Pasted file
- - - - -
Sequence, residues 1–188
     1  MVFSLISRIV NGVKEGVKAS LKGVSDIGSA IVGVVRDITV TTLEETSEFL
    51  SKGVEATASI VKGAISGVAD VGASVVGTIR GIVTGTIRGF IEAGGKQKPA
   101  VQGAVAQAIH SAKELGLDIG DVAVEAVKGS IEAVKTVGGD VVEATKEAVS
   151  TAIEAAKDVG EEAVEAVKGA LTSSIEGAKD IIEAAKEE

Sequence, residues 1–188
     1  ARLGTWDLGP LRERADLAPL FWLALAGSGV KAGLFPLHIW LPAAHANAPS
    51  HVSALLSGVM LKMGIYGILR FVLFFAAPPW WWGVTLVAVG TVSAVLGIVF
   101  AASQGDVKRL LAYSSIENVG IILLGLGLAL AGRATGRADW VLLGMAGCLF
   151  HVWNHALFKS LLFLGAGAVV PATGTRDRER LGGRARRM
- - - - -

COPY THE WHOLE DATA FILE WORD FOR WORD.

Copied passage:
Sequence, residues 1–188
     1  MVFSLISRIV NGVKEGVKAS LKGVSDIGSA IVGVVRDITV TTLEETSEFL
    51  SKGVEATASI VKGAISGVAD VGASVVGTIR GIVTGTIRGF IEAGGKQKPA
   101  VQGAVAQAIH SAKELGLDIG DVAVEAVKGS IEAVKTVGGD VVEATKEAVS
   151  TAIEAAKDVG EEAVEAVKGA LTSSIEGAKD IIEAAKEE

Sequence, residues 1–188
     1  ARLGTWDLGP LRERADLAPL FWLALAGSGV KAGLFPLHIW LPAAHANAPS
    51  HVSALLSGVM LKMGIYGILR FVLFFAAPPW WWGVTLVAVG TVSAVLGIVF
   101  AASQGDVKRL LAYSSIENVG IILLGLGLAL AGRATGRADW VLLGMAGCLF
   151  HVWNHALFKS LLFLGAGAVV PATGTRDRER LGGRARRM